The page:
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Battle of Tell Abyad (2013)

From Wikipedia, the free encyclopedia

Battle of Tell Abyad (2013)
Part of the Syrian Kurdish–Islamist conflict (2013–present) and
the inter-rebel conflict during the Syrian Civil War
Syrian civil war map.png

Map of the Syrian Civil War as of November 2013
Date19–30 July 2013
(1 week and 4 days)

ISIL/Nusra/Ahrar al-Sham victory

  • Kurdish forces driven out of Tell Abyad[2]
  • Thousands of civilians displaced[2][1]

Syrian oppositionAutonomous Administration of North and East Syria Kurdish Front

  • Sheikh Ayoub Battalion[1]

Autonomous Administration of North and East Syria Democratic Union Party

 Islamic State of Iraq and the Levant
Al-Nusra Front

Ahrar al Sham info.png Ahrar al-Sham

  • Al-Sakhana Brigades[1]
Commanders and leaders
Syrian oppositionAutonomous Administration of North and East Syria Haji Ahmed Kurdi[3] (Kurdish Front commander) Islamic State of Iraq and the Levant Khalaf Thiyab "Abu Musab" (POW)[4] (al-Nusra Front commander)
Casualties and losses
Unknown 25–34 killed[1][4]

The Battle of Tell Abyad was a military confrontation in the town of Tell Abyad between the Kurdish Front Brigade and the PYD-affiliated YPG and YPJ against the Islamic State of Iraq and the Levant, the al-Nusra Front (both of which were al-Qaeda affiliates), and Ahrar al-Sham.


Tell Abyad is located across the town of Akçakale on the Syria-Turkey border. On 19 September 2012 the Farouq Brigades captured Tell Abyad from Syrian government forces. In March 2013, the al-Nusra Front set up a checkpoint and captured 33 fighters from the Farouq Brigades. Clashes between the two groups resulted in the Farouq commander, Abu Azzam, being wounded in action. Abu Azzam previously survived an assassination attempt by car bomb. He and other wounded rebels was transferred to a hospital in Şanlıurfa, Turkey. The next week, the 33 Farouq prisoners were released and the border crossing reopened.[5]

On 17 July 2013, the YPG fully captured the city of Ras al-Ayn from ISIL and al-Nusra. The latter retreated to the northern Raqqa Governorate, mainly in Tell Abyad. ISIL and al-Nusra Front fighters arrested many Syrian Kurds on charges of Kurdish nationalism. ISIL also called on the residents of Tell Abyad to pledge allegiance to their self-proclaimed caliphate. In response a YPG battalion was formed in the Kurdish neighbourhoods of the town.[1]


On 20 July 2013, the Kurdish Front Brigade captured Khalaf Thiyab "Abu Musab", an al-Nusra commander and 4 other Nusra members on charges that they attempted to blow up themselves in the "People's House", the Democratic Union Party office in Tell Abyad. Clashes then erupted in the town. By the next day, more than 1,000 residents were detained by Islamist groups in order to pressure the PYD to release the al-Nusra members, and both were released. Hundreds of residents fled the town. [1]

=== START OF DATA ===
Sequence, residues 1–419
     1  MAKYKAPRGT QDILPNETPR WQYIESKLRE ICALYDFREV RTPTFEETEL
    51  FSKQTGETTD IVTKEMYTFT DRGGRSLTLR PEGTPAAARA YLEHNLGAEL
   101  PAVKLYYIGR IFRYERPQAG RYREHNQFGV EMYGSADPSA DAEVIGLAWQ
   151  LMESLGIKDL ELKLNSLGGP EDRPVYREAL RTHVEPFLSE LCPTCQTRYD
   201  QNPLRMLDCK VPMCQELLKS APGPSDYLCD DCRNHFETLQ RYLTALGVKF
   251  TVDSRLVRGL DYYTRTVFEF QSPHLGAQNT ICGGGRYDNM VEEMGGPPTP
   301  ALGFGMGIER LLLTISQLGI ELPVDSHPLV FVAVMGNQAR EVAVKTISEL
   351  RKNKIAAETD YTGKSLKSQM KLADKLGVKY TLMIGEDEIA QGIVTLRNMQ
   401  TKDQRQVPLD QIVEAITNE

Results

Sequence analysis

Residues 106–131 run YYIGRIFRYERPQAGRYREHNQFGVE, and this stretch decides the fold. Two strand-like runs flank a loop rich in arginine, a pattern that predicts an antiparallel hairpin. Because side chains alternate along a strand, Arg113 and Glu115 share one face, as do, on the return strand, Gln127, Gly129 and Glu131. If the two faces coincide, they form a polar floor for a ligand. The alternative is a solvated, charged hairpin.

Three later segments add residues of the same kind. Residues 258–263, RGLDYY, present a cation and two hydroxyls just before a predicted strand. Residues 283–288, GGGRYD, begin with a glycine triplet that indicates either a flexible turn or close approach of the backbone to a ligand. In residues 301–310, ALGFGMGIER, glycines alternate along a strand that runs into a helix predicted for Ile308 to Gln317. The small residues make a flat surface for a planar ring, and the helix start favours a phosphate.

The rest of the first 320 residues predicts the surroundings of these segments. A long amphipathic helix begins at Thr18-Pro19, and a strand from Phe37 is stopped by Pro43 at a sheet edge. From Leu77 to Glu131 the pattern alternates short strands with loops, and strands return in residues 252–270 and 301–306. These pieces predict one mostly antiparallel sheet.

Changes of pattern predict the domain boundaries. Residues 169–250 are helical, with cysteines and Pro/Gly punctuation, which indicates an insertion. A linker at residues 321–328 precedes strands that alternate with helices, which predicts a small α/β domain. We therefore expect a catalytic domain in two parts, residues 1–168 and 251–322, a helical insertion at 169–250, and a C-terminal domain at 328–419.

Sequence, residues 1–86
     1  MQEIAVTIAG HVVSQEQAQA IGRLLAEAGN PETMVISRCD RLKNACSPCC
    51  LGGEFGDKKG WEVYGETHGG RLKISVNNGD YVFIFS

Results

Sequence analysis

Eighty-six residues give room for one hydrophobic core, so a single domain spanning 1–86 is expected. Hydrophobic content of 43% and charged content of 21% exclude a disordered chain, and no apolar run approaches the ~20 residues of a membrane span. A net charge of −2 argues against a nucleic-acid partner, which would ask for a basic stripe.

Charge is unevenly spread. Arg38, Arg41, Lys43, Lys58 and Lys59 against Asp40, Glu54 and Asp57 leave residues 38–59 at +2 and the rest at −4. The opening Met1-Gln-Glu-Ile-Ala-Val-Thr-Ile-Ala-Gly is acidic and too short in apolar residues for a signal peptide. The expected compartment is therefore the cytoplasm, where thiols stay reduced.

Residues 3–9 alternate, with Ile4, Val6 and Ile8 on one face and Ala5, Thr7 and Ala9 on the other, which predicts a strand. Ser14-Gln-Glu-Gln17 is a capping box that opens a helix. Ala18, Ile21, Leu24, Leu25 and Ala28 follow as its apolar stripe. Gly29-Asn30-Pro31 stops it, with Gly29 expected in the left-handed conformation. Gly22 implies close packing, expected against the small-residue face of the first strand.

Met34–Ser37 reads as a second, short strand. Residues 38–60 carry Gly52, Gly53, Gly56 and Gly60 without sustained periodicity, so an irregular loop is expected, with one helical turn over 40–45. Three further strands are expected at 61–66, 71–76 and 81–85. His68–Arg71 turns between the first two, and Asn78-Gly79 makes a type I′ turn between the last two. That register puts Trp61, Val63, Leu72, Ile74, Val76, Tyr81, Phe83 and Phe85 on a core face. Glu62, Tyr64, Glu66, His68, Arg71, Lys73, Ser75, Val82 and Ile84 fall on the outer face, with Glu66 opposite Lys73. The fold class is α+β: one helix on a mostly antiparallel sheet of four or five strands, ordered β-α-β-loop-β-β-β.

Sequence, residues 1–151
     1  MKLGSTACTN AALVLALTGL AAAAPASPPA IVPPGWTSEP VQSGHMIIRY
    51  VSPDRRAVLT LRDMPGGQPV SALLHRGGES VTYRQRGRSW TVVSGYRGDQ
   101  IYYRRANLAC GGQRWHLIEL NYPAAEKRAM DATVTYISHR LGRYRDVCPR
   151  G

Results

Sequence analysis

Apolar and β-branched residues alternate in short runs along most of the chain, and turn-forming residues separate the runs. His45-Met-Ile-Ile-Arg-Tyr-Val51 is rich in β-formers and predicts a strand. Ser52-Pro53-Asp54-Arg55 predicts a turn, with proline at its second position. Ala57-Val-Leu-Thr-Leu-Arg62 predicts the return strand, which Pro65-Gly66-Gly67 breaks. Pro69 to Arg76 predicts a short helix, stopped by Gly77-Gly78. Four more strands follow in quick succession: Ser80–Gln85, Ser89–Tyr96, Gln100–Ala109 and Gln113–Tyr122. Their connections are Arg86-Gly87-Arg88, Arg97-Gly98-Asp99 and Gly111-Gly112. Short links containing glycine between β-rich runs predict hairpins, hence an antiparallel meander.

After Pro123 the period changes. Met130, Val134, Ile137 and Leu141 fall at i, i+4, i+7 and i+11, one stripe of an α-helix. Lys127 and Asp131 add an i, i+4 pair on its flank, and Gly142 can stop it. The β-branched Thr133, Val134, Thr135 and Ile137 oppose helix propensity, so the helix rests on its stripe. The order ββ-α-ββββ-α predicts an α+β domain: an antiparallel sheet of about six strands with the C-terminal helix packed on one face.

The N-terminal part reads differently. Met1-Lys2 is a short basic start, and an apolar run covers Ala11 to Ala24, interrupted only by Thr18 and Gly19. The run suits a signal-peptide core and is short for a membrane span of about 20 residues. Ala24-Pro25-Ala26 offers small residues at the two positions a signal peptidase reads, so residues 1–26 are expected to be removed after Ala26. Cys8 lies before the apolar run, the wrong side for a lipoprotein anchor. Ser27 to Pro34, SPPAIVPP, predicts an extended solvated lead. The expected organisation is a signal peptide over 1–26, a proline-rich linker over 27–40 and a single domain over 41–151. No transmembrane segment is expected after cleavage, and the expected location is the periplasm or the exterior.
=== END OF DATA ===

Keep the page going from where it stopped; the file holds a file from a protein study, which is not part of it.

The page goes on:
On 22 July, ISIL raided, looted, and demolished dozens of houses of the hundreds of Kurdish civilians who fled after their neighbourhoods were attacked by tanks and other heavy weapons.[1] More than 10 al-Nusra fighters were killed.[6] YPG and Kurdish Front forces surrounded the Akçakale border crossing which was then closed by Turkey.[4] By the next week, ISIL defeated the Kurdish forces and took full control of Tell Abyad, forcing thousands of Kurdish civilians to flee.[2]


Many Kurdish refugees from Tell Abyad fled to nearby Tell Akhdar. 70% of its residents had already fled. In August 2013 Ahrar al-Sham took over the village. On 13 October, clashes renewed between joint Kurdish forces and ISIL west of Tell Abyad.[7]

In January 2014, infighting erupted between Ahrar al-Sham and ISIL and the latter gained complete control over the Tell Abyad countryside. Clashes between the YPG and ISIL west of Tell Abyad again renewed in March. Hundreds of ISIL militants surrounded Tell Akhdar and threatened to kill all those who remained in the village. All residents fled and most became refugees in Kobanî, which was also besieged.[2]

In February 2015, Euphrates Volcano forces advanced into the northern Raqqa countryside from both the west and the east, capturing 19 villages.[8] Tell Abyad was then captured on 16 June 2015.


  1. ^ a b c d e f g "Report on the Recent Events Witnessed in Tal Abyad-Al Raqqa". Violation Documentation Centre in Syria. July 2013.
  2. ^ a b c d "Selected testimonies from victims of the Syrian conflict" (PDF). Human Rights Council. 16 September 2014.
  3. ^ "Kurdish Commander: Jihadi Groups in Syria Have Hijacked FSA". Rudaw. 11 August 2013.
  4. ^ a b c "Syrian Kurdish Forces Surround Border Crossing". Al-Monitor. 24 July 2013. Archived from the original on 14 October 2013. Retrieved 31 December 2016.
  5. ^ "In Syria, the Rebels Have Begun to Fight Among Themselves". Time. 26 March 2013.
  6. ^ "PYD: News Briefing Regarding The News and Events in West Kurdistan". Kurdish Institute of Brussels. 23 July 2013.
  7. ^ "Kurds united against Islamists in Syria's Tel Abyad". ARA News. 14 October 2013.
  8. ^ "Syrian Kurds and rebels 'advance into IS-held Raqqa province'". BBC. 19 February 2015.

This page was last edited on 6 April 2019, at 09:31
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